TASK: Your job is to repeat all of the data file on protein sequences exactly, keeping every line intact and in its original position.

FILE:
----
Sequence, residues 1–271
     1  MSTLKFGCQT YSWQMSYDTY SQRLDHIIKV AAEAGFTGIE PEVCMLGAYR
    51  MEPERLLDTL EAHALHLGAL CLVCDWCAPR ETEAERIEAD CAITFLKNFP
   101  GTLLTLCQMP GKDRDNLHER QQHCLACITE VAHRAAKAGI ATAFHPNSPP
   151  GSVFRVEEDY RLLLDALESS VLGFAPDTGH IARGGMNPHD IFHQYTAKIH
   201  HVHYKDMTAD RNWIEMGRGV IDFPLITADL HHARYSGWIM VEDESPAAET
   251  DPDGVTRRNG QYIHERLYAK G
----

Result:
Sequence, residues 1–271
     1  MSTLKFGCQT YSWQMSYDTY SQRLDHIIKV AAEAGFTGIE PEVCMLGAYR
    51  MEPERLLDTL EAHALHLGAL CLVCDWCAPR ETEAERIEAD CAITFLKNFP
   101  GTLLTLCQMP GKDRDNLHER QQHCLACITE VAHRAAKAGI ATAFHPNSPP
   151  GSVFRVEEDY RLLLDALESS VLGFAPDTGH IARGGMNPHD IFHQYTAKIH
   201  HVHYKDMTAD RNWIEMGRGV IDFPLITADL HHARYSGWIM VEDESPAAET
   251  DPDGVTRRNG QYIHERLYAK G